Forego tillage for #Plant19 to improve soil health

Ashland SWCD offers no-till planter rental

When you think of farming, a tractor and plow may be the first things that come to mind – but not so for the folks at Ashland Soil and Water Conservation District. In fact, Ashland SWCD encourages their farmers to forgo spring tillage and utilize no-till management instead.

“No-till management just makes sense,” said Maxine Swaisgood, administrative assistant and resident “drill sergeant” for Ashland SWCD. Swaisgood has helped coordinate the district’s drill rental program for 10 of the 40-plus years the district has offered the program. “No till helps prevent erosion, keep nutrients in place on the farm fields where they belong, and it helps store carbon in the soil.”

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No-till is just what is sounds like.  A true no-till system avoids disturbing the soil with tools like chisel plows, field cultivators, disks, and plows. 

“No-till management saves fuel, time, and soil,” Swaisgood said. Reducing fuel, labor, and equipment costs are the most quantifiable benefits of not doing any tillage. Farmers make fewer passes through the field, which saves on fuel and soil compaction.

Reducing soil compaction one of the major benefits of no-till management. Soil gets compacted any time equipment drives over the surface. The weight of farm equipment compacts the air and water pockets present in soil that allow for the movement of water, crop roots, and soil organisms.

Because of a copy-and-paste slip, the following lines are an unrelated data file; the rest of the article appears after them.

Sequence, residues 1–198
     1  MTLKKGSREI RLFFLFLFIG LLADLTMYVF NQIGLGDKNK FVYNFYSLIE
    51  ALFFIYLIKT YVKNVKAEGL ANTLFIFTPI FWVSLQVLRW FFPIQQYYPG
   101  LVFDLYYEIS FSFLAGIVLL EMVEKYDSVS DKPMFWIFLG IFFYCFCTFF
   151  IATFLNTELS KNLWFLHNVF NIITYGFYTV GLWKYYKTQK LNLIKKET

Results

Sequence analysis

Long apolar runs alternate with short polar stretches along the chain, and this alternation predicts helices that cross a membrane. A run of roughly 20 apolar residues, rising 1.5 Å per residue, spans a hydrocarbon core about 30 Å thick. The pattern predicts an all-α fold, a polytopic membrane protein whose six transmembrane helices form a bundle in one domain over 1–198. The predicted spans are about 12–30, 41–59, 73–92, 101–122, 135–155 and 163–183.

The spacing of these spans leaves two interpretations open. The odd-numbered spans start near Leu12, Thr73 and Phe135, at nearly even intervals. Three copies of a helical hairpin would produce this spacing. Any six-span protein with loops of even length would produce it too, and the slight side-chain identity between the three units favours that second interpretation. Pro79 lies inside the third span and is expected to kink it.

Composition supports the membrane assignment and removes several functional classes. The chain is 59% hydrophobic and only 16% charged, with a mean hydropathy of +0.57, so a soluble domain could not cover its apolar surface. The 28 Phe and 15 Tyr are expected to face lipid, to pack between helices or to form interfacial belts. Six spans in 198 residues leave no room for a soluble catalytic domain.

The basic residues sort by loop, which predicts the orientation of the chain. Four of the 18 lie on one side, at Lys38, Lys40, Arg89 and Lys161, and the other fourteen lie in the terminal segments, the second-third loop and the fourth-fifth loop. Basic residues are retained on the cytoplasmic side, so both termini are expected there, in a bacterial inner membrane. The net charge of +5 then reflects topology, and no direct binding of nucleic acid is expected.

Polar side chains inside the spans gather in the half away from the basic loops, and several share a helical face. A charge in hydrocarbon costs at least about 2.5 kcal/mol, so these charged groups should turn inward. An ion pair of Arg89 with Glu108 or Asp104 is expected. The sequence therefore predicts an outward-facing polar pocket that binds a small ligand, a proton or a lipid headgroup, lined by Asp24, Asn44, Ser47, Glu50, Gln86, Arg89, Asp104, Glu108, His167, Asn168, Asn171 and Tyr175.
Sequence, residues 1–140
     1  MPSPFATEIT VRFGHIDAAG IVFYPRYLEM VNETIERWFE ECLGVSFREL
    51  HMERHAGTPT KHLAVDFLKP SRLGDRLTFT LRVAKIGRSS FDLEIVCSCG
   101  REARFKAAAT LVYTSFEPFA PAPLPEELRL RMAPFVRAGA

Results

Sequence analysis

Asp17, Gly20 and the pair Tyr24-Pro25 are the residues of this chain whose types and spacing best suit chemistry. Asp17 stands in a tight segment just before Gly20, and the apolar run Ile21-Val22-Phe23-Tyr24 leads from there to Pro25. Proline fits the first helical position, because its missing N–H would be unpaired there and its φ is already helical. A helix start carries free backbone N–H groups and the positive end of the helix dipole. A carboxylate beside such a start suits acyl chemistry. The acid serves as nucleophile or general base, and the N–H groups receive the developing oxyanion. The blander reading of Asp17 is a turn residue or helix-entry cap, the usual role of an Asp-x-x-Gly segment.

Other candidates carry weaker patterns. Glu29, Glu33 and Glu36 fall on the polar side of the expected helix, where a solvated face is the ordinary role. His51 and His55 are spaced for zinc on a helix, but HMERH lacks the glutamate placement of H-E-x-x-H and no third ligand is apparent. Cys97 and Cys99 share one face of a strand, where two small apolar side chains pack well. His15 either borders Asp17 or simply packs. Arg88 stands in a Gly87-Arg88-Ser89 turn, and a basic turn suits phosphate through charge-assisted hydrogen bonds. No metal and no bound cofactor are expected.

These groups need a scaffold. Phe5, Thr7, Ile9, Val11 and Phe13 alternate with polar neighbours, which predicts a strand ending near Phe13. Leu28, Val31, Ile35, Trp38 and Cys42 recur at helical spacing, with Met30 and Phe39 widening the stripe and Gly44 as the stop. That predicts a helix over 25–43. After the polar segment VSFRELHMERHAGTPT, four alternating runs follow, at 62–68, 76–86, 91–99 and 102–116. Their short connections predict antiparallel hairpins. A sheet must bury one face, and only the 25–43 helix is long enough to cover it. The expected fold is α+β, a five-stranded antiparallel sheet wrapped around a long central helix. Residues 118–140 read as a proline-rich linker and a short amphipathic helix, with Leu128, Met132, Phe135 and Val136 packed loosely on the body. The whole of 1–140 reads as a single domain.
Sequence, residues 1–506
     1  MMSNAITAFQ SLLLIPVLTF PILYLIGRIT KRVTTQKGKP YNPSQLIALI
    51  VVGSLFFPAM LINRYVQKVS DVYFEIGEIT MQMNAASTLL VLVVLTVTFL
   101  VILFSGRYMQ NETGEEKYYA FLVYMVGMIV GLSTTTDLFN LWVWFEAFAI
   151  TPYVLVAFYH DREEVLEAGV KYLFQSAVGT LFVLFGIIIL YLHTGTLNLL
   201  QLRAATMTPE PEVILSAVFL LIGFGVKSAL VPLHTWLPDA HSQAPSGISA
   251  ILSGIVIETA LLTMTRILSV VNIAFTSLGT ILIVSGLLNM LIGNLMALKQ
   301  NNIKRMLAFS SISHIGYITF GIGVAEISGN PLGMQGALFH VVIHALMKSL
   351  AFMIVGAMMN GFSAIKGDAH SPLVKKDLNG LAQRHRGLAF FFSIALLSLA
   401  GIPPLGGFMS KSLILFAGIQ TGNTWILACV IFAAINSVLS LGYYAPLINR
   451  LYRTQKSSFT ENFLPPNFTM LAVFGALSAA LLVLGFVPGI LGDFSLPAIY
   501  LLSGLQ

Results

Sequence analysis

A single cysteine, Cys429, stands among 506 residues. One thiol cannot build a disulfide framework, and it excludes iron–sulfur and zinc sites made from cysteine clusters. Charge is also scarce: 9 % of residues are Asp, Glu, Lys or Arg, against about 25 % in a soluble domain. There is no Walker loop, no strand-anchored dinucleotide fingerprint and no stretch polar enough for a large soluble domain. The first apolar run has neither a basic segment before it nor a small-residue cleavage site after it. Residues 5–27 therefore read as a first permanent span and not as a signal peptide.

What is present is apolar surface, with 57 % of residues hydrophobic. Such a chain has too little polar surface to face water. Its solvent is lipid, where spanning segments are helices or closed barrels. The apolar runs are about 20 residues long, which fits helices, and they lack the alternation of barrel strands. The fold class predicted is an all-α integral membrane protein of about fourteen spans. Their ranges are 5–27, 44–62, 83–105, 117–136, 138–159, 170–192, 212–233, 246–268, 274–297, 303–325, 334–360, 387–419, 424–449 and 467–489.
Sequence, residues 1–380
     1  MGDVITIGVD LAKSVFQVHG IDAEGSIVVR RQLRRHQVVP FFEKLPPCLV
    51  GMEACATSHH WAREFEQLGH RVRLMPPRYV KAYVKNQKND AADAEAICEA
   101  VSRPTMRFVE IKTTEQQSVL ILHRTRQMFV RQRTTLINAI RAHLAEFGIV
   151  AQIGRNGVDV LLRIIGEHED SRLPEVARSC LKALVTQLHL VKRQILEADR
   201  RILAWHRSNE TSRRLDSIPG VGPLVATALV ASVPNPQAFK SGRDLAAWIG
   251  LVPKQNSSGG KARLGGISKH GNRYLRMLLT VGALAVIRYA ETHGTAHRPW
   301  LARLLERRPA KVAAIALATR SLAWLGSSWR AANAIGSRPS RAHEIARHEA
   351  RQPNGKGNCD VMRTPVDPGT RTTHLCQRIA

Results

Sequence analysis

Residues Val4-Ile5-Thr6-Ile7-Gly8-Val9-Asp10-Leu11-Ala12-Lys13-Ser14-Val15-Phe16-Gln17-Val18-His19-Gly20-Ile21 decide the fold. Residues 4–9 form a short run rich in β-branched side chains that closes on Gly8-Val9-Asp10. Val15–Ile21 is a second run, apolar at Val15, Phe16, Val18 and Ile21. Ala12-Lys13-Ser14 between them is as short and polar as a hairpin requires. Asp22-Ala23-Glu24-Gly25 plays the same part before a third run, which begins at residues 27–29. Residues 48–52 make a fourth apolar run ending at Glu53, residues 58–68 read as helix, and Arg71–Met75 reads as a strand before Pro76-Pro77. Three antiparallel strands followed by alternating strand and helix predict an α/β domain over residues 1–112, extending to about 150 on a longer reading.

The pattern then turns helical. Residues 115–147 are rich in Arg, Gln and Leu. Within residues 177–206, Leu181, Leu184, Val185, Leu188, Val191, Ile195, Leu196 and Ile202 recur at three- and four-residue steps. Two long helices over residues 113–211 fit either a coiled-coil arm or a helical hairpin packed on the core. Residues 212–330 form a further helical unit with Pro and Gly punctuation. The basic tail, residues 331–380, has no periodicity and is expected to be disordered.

No-till also improves soil structure. Tilling, our plowing, the soil disrupts the soil’s natural structure and releases some of the carbon soil organisms thrive on. Soil biology plays an important role in providing crops with the water and nutrients they need.

And the tillage makes soil more susceptible to erosion – and when erosion happens, that results in nutrients making their way into our waterways. Potential for erosion can be reduced by leaving more residue on the surface in the months when there are no crops growing.  Residue allows for rainwater and snow melt to infiltrate the soil rather than causing surface run off that will carry away topsoil and nutrients.Ashland SWCD’s no-till drills rent for $12/acre or a $100 minimum. In addition to the drills, Ashland SWCD also has a frost seeder that can be used to apply slug bait to cover crops, a tree planter and a strawchopper.

For more information about Ashland SWCD’s equipment rental program, contact Swaisgood at 419-281-7645. Producers must have a current rental agreement on file with the district and are responsible for picking up and returning the equipment from the Ashland SWCD office at 1763 SR 60, Ashland.

Ashland SWCD